If I had to pick an author who exerted at least a modicum of influence on me as a youth, it would be Edgar Allan Poe.  I read his short stories and poems with wide-eyed wonder.  They captured my imagination like nothing else I read, the more prolific Nathaniel Hawthorne perhaps trailing in a distant second place.  True enough, his style is rather archaic by today's standard—elongated sentences dripping with exquisite verbiage—but I loved it and still do.  What I’m writing here is rather impressionistic, as I didn’t reread Poe lately or dig into any research.  I suppose his character C. Auguste Dupin and the detective stories planted a seed of interest in murder mysteries and true crime docudramas.  His poem “Annabel Lee” moved me even as a youth.  Of course his gothic horror stories of revenge, fear, hate, and the grotesque come most readily to mind when I (and just about everyone else) think of Poe.  Two other monumental figures were born in 1809: Abraham Lincoln and Charles Darwin.  No doubt they’ve shaped the world I now inhabit, an America without slavery and a scientific view that is slowly but surely supplanting earlier concepts of our species’ origins.  Still, the tragic mustachioed figure who mysteriously died in the streets of Baltimore is like a soul brother.  I share his romantic sensibility and melancholy disposition.  I’ve come to find over the years that his writing style and the content of his work have influenced me more than I had realized.

Road to Edgar (1/3)

I was startled, to say the least—frightened, really.  I heard strange noises coming from the  hotel room next to mine.  What sounded like a body writhing in excruciating pain, an injured animal banging up against the wall, gave me pause.  Whatever it was, and for whatever reason, the slight reverberations on the other side seemed to resonate loudly within the dimly lit caverns of my heart.

At first, only the lamp next to me began to tremble.  I tried to ignore the alarming din and the flickering light, for it was approaching midnight and I was determined to finish grading papers so I could return them to students the next morning.

Then it got worse.  I swear to you I could hear a man groaning, faintly but no less horrifically.  It was as if this person were already dead and he did not yet know it, or maybe his mind was still cognizant of his entrails being ripped out in the final moments of agonizing torture.  I turned up the TV in the hope that a news report about the nation’s economic woes or the primary election results would root me in the mundane and banish these morbid thoughts from my mind.  I enjoy quietude and privacy, especially in the calm hours of the night, but I had the uneasy feeling of being watched, that someone was breathing down my neck, and I couldn't shake it.  Fortunately, the banging stopped after a while and I could continue my work without interruption.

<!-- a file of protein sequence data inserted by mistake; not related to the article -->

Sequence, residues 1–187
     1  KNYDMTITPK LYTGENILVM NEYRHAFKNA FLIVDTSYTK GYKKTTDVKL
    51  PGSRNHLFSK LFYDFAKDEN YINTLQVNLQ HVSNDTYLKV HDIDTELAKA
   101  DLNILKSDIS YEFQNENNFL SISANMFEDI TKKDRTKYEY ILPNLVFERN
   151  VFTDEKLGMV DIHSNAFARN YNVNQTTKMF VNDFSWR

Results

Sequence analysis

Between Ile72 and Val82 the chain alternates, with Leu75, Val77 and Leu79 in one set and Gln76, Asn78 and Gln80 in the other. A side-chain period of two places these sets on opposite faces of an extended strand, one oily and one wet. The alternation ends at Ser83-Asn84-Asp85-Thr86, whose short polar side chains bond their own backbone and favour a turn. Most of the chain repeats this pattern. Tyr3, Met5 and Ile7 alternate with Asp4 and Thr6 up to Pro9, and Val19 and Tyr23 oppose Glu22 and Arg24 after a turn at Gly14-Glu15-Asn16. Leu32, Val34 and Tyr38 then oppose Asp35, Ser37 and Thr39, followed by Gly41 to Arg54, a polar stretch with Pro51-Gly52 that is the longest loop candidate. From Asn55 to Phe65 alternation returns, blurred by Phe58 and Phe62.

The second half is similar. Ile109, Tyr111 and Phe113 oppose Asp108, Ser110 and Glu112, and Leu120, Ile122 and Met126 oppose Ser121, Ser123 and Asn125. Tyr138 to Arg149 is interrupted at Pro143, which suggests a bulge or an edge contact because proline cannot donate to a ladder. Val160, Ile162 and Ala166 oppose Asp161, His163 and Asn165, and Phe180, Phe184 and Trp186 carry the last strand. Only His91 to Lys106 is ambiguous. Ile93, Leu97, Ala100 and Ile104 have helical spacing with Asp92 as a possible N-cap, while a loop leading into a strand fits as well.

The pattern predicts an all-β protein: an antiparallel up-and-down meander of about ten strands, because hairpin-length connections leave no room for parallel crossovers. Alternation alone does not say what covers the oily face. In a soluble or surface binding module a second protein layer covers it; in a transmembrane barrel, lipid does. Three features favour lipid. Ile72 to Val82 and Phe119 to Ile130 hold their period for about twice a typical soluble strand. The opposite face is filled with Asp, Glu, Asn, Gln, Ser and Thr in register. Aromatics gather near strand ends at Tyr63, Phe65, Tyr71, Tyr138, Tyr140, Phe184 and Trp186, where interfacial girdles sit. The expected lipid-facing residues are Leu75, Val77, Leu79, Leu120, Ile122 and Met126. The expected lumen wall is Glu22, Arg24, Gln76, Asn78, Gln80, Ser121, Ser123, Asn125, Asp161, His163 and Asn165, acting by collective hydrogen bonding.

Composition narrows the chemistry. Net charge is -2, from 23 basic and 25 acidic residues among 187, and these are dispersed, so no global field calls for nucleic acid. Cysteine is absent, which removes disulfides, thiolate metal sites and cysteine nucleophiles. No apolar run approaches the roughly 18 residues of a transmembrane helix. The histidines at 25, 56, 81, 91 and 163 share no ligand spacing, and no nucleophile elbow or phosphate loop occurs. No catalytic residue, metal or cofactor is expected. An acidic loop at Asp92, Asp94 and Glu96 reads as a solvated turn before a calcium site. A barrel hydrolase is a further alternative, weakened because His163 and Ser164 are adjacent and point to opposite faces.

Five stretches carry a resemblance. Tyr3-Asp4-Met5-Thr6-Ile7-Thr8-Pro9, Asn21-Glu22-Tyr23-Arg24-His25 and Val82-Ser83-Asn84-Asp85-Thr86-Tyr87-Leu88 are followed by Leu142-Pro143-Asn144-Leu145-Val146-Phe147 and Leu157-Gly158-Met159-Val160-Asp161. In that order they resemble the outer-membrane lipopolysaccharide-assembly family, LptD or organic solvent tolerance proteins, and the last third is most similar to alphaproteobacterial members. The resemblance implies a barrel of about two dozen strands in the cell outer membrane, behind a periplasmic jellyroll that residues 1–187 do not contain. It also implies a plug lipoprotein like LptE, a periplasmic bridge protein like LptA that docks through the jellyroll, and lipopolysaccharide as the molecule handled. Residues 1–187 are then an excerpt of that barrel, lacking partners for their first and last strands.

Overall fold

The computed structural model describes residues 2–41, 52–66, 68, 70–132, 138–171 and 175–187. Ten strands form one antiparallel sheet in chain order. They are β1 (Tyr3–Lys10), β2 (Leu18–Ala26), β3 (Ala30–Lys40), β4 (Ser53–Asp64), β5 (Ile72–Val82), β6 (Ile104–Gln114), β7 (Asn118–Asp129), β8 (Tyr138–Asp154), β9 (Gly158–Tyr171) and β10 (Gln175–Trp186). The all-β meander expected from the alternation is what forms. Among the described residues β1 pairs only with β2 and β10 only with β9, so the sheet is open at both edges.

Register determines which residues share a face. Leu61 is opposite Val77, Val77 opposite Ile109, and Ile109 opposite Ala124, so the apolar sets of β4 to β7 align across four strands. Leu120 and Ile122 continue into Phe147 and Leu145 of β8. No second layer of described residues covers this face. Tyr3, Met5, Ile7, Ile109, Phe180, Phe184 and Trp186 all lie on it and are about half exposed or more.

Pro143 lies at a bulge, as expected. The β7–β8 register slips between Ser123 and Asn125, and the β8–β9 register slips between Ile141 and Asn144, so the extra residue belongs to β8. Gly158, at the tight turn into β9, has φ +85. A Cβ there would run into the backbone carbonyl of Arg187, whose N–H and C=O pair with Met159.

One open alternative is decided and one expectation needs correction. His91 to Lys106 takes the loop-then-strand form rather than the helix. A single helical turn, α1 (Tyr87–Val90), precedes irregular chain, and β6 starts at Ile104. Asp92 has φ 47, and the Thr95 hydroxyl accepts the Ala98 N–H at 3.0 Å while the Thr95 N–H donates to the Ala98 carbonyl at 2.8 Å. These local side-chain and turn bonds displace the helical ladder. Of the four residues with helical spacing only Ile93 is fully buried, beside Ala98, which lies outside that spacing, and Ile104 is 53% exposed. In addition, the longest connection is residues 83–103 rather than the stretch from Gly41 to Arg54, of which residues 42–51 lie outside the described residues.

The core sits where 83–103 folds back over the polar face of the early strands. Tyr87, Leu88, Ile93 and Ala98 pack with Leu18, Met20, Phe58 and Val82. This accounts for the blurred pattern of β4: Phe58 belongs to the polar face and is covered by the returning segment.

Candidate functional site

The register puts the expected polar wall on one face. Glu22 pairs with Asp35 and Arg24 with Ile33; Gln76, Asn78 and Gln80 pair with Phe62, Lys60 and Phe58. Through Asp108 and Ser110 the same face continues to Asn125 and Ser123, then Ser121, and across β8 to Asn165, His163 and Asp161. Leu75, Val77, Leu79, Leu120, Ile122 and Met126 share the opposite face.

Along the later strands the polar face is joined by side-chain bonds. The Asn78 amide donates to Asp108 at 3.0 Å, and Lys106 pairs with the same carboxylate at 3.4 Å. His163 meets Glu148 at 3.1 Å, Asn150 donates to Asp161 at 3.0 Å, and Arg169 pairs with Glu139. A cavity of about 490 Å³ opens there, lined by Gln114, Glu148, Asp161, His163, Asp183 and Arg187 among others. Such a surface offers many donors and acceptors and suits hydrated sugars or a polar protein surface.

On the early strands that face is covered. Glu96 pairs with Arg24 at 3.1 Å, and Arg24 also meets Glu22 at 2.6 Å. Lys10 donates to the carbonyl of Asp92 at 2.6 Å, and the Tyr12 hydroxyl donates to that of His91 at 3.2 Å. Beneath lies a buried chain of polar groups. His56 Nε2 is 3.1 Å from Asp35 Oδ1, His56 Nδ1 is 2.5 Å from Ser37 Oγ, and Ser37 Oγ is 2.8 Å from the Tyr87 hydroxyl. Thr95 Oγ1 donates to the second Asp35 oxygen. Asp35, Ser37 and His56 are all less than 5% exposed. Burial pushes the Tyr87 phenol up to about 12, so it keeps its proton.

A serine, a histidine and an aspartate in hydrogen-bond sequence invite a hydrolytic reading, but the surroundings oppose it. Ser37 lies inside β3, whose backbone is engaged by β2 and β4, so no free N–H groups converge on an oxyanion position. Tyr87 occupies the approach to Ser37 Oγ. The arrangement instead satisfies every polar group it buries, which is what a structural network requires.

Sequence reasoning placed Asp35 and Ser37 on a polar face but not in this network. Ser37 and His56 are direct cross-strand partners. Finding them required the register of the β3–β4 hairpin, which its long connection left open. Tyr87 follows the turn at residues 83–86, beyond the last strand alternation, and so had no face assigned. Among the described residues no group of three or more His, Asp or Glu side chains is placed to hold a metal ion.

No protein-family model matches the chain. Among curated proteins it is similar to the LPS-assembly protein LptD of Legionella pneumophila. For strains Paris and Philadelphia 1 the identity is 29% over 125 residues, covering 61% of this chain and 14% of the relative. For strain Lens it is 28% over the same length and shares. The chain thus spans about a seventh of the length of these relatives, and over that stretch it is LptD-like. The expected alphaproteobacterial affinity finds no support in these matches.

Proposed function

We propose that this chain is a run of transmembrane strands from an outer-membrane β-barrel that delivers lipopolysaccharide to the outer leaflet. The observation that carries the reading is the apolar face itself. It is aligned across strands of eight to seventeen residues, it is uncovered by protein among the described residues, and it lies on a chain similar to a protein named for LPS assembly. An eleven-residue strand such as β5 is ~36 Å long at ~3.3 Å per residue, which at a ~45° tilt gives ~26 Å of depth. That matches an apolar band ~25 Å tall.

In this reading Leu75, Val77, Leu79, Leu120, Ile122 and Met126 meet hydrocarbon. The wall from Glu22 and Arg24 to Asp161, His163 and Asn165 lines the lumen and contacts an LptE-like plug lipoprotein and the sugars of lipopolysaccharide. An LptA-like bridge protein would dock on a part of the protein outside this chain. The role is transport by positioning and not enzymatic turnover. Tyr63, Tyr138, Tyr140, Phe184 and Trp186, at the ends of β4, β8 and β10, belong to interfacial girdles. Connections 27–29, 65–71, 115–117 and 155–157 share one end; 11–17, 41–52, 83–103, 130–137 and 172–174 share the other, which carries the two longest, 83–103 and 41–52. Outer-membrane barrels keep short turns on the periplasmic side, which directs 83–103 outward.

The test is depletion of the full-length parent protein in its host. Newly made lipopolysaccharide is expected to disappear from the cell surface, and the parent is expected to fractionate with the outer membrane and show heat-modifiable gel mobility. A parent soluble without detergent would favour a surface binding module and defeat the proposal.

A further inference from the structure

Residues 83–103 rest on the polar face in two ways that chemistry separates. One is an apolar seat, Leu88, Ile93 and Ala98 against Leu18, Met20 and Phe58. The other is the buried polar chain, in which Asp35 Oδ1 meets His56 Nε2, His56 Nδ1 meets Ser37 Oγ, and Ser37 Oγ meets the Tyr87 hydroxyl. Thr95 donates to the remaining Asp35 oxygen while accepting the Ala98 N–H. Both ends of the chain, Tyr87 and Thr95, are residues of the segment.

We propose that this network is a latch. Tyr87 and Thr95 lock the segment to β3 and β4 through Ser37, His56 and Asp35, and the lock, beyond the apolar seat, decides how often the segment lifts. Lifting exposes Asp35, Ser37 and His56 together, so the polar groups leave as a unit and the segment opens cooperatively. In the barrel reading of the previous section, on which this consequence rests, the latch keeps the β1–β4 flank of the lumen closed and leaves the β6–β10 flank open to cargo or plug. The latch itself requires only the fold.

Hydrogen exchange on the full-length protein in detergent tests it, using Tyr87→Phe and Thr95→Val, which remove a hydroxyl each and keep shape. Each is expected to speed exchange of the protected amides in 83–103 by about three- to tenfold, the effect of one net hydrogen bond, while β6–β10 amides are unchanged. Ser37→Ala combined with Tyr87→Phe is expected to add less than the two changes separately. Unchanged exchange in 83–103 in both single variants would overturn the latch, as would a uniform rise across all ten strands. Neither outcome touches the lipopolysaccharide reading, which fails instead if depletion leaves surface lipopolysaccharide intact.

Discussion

I’ve taught almost fifteen years now as an adjunct professor of American literature and English composition for Dupin College.  I’m an itinerant academic, if you will, roaming from one satellite campus to another throughout the northern half of the state.  I taught a four-hour course on the nineteenth-century novel this morning and drove across Trunk Highway 29 for my next class tomorrow.  I’m staying at a non-brand hotel for the night, one I've never checked into before, for I liked its remote location off the highway.

I’m a simple man, highly intelligent for my own good, but simple in my needs, someone who jealously guards his private time.  I have little use for organized religion, yet someone once accurately described me as monastic.  That's fair.  I live a rather abstemious life, and I’ve never married.

You might be wondering how I got into this profession, for it certainly doesn’t pay handsomely.  My brother makes nearly twice as much as I, and he never went to college.  You see, I love to read books.  Pure and simple.  My expertise is gothic literature of the Romantic era, but my interests range widely, from haiku of the Edo period to dystopian sci-fi novels of the 20th century.  I'm still working on a book of poems that I hope to publish with a university press.

I despise worthless students who don't know how to read or write, but every profession has its downside.  Grading mediocre papers is unfortunately part of the job description.  Most of my students, I've found over the years, have little appreciation for the literary arts and absolutely no understanding of passion.   I try to bridge the chasm that separates them from me in the classroom, for passion for art, not to mention a hunger for knowledge, is the force within that propels me forward.